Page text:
“I grew up doing carpentry and building furniture using 1x3s and chipboard,” Nelson says. “I hesitate to call it fine woodworking, but I was always really proud that my father made our own furniture, and it gave me a real love for the act of making things, especially useful things.”

Nelson was a rebellious teen-ager, joined the Navy for six years and then landed at Portland State University studying physics, semiotics and literary criticism. At first he planned on becoming a professor, despite the fact that he looks most comfortable while wearing a baseball cap - not a tweed jacket.

“I kind of ran out of steam,” he says, “and I began to hate academia.”

After school he taught for a few years and then landed a public relations job about 10 years ago working for a small independent firm that consulted to about a dozen different audio and home theater manufacturers. He also was getting into woodworking.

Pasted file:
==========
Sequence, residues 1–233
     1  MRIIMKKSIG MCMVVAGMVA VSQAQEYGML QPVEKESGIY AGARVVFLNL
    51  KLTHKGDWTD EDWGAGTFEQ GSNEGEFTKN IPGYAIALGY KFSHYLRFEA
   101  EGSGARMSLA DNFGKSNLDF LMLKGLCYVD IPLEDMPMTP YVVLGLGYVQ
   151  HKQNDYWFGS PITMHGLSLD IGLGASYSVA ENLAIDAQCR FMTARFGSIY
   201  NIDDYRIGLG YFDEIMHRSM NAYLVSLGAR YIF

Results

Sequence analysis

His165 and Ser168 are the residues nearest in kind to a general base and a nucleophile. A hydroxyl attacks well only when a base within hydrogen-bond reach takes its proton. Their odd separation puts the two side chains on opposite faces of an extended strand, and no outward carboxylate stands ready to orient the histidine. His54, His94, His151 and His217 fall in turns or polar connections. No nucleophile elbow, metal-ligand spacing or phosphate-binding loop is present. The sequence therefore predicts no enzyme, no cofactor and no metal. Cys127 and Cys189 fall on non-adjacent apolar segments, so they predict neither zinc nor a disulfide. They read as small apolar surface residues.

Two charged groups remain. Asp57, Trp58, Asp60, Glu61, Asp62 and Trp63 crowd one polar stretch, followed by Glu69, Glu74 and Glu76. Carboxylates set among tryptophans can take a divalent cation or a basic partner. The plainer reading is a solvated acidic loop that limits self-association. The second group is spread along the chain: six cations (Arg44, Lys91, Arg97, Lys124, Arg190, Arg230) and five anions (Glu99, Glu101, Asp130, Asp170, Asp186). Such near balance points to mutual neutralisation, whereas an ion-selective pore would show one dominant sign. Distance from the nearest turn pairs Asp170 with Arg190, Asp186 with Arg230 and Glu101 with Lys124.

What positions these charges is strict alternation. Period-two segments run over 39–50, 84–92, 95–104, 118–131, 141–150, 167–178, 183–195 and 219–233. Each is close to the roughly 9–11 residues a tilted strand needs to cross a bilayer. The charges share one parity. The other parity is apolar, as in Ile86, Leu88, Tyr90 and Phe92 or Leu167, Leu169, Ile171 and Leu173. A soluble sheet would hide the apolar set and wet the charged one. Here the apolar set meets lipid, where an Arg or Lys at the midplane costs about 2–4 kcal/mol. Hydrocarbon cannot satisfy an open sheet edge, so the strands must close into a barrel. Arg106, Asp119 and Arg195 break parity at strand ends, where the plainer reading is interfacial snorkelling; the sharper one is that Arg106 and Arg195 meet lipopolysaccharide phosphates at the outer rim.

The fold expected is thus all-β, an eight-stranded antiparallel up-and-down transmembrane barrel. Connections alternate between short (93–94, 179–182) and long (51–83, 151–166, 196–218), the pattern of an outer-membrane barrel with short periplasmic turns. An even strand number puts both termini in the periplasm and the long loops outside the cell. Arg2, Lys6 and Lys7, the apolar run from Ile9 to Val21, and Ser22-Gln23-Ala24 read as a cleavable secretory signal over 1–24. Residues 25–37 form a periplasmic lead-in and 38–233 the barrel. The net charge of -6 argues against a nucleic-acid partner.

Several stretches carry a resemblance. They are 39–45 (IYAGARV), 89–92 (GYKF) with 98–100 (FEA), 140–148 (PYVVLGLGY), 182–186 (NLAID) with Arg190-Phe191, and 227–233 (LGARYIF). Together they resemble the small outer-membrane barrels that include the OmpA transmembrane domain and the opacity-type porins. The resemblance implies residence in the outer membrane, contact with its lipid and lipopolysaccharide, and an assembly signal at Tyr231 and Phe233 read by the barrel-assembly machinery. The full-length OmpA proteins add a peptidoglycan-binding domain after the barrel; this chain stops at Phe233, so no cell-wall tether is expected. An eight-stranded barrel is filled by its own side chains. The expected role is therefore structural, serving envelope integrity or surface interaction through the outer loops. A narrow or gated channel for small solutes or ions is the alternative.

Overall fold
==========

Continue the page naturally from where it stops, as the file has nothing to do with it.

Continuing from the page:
“It’s a common story. We were shopping for furniture and it made me want to vomit,” he says. “So we picked up used furniture off the street instead. Paying $600 for something I hate seemed stupid. I’d rather spend nothing for something I hated.”

As he got deeper into the craft he started to use more and more hand tools. And then came the moment that changed the course of his working life: He saw one of Konrad Sauer’s coffin infill planes. “It is hard to explain it,” Nelson says. “I had to have one. But we’d had our first kid so there was no way I could spend that kind of disposable income on a plane.”